AB 1289 (Arambula) and AB 2884 (Irwin), C.A.R.’s sponsored real estate law cleanup bill, was signed into law by the Governor. C.A.R. has been involved in a multi-year effort to update the real estate law including updating terminology and clarifying the law to reflect current practice. AB 1289 (Arambula) updated the Civil Code – the changes included (but were not limited to): 1) updating terminology, for example, no longer are buyer’s agents called selling agents, they are simply buyer’s agents, 2) updating and amending agency disclosure form, 3) changing when and how a TDS may be delivered. 

AB 2884 (Irwin), among other changes, clarifies the real estate law to more accurately reflect that real estate salespersons and broker associates can be retained by a broker either as an independent contractor or an employee. 
Specifically, the bill replaced the term “employing broker” with “responsible broker” and the word “employ” with “retain.” 

AB 1804 (Berman), a California Environmental Quality Act exemption for urban development bill, was signed into law by the Governor.
 Currently, infill development is exempt from CEQA if the development occurs within city limits. This bill starting January 1, 2025, would extend the exemption to residential and mixed-use housing developments occurring within the unincorporated areas of a county if the project site is substantially surrounded by urban land uses. C.A.R. supported this measure as it seeks to appropriately expand CEQA exemptions to areas outside of city limits where urban land uses already exist.  

AB 2063 (Aguiar-Curry) and SB 1087 (Roth), PACE transparency bills supported by C.A.R., were signed into law by the Governor.  In 2017, the Legislature passed AB 1284 (Dababneh) which required the licensing and regulation of Property Assessed Clean Energy (PACE) program administrators and the solicitors and solicitor agents. These measures seek to provide more clarity within the PACE program by implementing various substantive and technical changes. C.A.R. supported these measures as they seek to encourage greater oversight of PACE administrators and provide consumers with more protections.

SB 1427 (Hill), a mandatory section 8 bill opposed by C.A.R., was vetoed by the Governor. Under current law, it is illegal to discriminate, for the purposes of renting housing, against anyone due to race, color, religion, sex, gender, gender identity, gender expression, sexual orientation, marital status, national origin, ancestry, familial status, source of income, disability or genetic information. Under existing law, participation by a rental property owner in federal housing assistance programs, also known as Section 8, is voluntary. This bill would add veteran or military status to the list of protected classes and make landlord participation in the federal Department of Housing and Urban Development-Veterans Affairs Supportive Housing voucher program mandatory. C.A.R. opposed SB 1427 since it would have required mandatory participation of all rental property owners.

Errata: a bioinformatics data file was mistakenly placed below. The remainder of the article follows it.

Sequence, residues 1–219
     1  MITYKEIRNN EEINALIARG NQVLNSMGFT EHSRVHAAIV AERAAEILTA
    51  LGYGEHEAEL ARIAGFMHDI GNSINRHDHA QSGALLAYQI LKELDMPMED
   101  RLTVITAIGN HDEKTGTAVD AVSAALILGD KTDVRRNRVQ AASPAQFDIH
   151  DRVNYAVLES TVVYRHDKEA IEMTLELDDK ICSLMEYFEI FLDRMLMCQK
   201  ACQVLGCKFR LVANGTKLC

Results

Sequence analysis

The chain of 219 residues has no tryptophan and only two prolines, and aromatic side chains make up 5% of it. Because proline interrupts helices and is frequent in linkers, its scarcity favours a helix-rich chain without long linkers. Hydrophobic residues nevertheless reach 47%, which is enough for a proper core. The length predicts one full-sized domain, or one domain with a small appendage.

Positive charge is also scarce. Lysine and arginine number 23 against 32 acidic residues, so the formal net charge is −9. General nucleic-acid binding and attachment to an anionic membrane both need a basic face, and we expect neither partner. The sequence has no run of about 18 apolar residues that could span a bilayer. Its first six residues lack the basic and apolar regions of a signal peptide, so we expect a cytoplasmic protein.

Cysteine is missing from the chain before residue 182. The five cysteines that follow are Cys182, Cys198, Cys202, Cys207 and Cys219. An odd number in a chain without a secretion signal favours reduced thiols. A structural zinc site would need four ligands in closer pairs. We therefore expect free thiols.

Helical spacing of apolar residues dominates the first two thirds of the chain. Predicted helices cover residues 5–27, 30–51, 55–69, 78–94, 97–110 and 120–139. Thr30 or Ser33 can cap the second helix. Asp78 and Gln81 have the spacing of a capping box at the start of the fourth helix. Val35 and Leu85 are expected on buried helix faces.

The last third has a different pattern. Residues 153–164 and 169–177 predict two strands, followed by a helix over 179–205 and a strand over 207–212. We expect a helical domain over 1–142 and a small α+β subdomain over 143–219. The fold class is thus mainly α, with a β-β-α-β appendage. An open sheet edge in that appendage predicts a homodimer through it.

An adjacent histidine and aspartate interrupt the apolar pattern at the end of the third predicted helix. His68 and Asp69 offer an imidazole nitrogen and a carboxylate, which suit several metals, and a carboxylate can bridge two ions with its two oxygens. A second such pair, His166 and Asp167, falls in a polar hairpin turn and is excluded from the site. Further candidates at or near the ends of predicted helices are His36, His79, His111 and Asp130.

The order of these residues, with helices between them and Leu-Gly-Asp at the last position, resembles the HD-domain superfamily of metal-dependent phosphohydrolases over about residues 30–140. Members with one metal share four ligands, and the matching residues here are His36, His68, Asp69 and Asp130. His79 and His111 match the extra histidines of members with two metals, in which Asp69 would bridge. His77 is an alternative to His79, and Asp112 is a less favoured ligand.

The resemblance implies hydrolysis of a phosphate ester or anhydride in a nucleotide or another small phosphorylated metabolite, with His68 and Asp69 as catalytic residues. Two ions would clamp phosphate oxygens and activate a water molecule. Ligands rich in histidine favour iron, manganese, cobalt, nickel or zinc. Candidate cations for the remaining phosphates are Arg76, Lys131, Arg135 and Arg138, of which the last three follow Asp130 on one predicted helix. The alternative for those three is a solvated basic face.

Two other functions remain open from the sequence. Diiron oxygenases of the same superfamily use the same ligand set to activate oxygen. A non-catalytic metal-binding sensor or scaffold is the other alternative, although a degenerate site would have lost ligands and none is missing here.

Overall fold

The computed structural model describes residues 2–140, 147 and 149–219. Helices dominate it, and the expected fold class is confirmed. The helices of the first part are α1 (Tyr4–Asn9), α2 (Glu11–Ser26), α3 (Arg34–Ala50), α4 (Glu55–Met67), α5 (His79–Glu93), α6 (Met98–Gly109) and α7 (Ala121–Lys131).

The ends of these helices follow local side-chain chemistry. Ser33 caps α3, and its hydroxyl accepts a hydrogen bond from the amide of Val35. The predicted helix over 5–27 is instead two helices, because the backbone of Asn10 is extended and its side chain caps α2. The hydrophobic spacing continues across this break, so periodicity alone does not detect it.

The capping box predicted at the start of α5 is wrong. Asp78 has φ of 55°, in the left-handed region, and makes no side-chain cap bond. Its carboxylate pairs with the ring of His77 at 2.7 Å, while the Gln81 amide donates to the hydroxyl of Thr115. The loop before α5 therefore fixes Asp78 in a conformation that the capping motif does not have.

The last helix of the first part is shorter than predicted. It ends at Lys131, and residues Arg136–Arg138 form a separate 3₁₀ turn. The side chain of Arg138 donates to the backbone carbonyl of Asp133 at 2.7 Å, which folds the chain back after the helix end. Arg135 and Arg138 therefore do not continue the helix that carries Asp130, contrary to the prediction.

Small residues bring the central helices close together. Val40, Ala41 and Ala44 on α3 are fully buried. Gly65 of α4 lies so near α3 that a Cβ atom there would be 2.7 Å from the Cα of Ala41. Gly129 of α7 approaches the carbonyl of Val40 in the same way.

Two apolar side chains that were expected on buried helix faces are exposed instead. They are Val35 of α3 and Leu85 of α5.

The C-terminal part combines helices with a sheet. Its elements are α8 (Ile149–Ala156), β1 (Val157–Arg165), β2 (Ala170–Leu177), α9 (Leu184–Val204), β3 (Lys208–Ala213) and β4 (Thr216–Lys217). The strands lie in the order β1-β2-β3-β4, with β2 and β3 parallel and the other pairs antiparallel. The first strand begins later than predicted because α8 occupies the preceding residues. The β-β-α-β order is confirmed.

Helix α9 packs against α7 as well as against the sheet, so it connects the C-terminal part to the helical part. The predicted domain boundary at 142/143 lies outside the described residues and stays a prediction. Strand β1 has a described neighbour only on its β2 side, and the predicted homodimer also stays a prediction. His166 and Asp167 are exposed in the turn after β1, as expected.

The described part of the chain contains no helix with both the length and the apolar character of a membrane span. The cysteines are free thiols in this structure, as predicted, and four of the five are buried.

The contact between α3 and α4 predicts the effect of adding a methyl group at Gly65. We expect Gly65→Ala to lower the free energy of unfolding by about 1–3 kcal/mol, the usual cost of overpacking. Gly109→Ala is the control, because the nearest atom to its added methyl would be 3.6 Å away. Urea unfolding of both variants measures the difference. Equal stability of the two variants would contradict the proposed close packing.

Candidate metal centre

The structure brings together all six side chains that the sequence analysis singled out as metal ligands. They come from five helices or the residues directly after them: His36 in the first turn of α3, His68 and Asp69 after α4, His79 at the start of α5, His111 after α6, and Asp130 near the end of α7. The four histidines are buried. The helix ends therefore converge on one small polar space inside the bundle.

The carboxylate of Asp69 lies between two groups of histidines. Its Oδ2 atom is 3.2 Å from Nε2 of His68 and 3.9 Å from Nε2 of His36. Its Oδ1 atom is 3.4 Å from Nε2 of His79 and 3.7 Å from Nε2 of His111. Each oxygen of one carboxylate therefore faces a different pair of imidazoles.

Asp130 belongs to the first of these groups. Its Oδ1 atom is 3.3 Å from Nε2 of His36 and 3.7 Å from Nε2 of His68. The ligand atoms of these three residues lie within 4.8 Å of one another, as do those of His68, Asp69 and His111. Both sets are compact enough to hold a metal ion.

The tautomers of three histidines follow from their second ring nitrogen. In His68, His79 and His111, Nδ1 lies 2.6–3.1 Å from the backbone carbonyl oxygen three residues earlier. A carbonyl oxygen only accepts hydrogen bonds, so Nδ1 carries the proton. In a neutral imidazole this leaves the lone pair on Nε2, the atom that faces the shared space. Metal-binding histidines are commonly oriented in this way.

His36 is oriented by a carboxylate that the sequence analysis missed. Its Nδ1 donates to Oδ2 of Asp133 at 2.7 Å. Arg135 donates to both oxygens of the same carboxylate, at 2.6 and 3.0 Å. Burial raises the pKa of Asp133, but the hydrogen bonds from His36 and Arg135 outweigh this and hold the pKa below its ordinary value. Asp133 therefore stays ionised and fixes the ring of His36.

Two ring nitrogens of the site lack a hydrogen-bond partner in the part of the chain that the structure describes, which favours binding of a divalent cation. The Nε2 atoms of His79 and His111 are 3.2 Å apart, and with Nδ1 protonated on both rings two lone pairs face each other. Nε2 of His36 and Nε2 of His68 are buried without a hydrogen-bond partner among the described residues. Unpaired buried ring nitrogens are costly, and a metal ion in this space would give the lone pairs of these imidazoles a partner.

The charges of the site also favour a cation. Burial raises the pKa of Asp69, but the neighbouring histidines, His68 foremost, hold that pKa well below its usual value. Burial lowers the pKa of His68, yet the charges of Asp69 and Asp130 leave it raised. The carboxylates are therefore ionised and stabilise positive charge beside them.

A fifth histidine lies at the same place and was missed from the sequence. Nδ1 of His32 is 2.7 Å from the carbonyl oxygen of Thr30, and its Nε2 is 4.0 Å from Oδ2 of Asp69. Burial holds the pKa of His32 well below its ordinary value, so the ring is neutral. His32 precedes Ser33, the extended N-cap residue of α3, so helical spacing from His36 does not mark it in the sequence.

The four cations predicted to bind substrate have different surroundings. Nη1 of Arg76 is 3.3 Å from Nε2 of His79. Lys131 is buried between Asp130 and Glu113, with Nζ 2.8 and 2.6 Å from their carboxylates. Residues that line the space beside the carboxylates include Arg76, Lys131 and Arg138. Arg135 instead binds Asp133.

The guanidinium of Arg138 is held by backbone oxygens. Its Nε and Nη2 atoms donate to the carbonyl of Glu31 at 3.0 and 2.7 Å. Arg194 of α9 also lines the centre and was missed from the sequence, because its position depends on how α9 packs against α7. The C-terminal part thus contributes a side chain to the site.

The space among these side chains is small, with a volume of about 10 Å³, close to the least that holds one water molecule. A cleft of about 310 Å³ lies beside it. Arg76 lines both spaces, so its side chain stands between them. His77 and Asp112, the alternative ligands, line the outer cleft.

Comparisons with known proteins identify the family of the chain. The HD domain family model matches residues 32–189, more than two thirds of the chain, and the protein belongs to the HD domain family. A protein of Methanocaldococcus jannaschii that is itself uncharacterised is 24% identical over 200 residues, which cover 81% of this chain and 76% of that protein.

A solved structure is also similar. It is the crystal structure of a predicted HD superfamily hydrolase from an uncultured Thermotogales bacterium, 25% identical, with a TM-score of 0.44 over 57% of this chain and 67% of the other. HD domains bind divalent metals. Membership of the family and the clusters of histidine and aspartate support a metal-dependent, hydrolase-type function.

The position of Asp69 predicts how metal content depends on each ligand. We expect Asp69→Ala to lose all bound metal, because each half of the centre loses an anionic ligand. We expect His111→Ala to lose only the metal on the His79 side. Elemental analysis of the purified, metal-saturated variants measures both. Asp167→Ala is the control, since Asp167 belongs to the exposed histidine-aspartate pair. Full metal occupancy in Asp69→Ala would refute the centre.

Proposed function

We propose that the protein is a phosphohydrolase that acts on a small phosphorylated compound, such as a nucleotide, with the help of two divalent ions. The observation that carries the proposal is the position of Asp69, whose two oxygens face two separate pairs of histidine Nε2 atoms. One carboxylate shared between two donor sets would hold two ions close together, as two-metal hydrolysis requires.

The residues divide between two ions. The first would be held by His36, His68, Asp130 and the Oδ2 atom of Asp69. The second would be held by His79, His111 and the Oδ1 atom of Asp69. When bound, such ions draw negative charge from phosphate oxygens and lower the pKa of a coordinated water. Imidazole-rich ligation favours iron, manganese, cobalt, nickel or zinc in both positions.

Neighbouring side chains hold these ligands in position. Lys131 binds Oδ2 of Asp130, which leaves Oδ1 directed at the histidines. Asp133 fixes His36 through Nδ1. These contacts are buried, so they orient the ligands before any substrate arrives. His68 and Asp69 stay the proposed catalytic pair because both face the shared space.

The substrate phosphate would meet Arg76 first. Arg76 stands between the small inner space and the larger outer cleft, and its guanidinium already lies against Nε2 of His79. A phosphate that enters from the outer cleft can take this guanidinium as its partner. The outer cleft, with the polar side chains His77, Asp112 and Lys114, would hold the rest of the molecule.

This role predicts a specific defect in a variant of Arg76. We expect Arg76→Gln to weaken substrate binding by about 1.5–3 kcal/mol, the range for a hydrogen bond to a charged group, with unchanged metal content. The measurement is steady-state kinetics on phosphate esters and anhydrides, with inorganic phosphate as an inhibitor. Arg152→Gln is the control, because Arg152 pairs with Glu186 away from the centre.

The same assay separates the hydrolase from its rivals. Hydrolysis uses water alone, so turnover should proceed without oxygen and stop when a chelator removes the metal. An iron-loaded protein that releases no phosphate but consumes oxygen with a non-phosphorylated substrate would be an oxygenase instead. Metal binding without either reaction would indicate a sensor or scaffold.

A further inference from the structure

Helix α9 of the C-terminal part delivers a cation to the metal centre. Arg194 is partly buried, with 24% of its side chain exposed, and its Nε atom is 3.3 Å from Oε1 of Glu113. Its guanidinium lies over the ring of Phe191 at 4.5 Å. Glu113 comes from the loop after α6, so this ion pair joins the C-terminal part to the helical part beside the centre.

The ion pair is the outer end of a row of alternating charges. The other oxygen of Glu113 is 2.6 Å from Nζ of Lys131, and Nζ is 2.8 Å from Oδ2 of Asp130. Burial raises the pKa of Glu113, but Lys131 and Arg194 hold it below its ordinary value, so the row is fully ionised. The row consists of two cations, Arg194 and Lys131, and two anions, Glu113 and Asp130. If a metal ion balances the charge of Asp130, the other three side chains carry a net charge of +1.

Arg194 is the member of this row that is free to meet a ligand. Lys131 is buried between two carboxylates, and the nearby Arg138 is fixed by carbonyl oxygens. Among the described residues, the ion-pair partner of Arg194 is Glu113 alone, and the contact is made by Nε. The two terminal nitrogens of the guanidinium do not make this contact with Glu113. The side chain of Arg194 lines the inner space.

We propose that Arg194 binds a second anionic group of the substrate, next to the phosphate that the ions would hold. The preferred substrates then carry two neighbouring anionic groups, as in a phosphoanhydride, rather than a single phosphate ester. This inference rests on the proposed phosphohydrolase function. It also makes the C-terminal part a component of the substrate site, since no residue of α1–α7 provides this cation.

Regulatory Update

Streamlined Ministerial Approval Process Guidelines – In 2017, the Governor signed SB 35 (Weiner) into law, which seeks to streamline the approval processes for infill projects with two or more residential units and include streamlining for ADU’s in localities that have failed to produce sufficient housing to meet their Regional Housing Needs Assessment (RHNA) goals. SB 35 limits its application to projects not located in specified hazard zones (flood, fire, earthquake, etc.) and requires 10% of the units to be available to households making at or below 80% of the area median income (AMI). In October 2018 the Department of Housing and Community Development (HCD) released draft guidelines outlining a local governments responsibility, the streamlined ministerial approval process and project eligibility. C.A.R. submitted comments of concern regarding the exclusion of ADU’s from project eligibility and identified a definitional inconsistency with state statute, which proposes to restrict affordability in perpetuity. State law restricts affordability for 55 years for rental housing and 45 years for owner occupied properties. C.A.R. requested that affordability restrictions within the guideline mirror state law.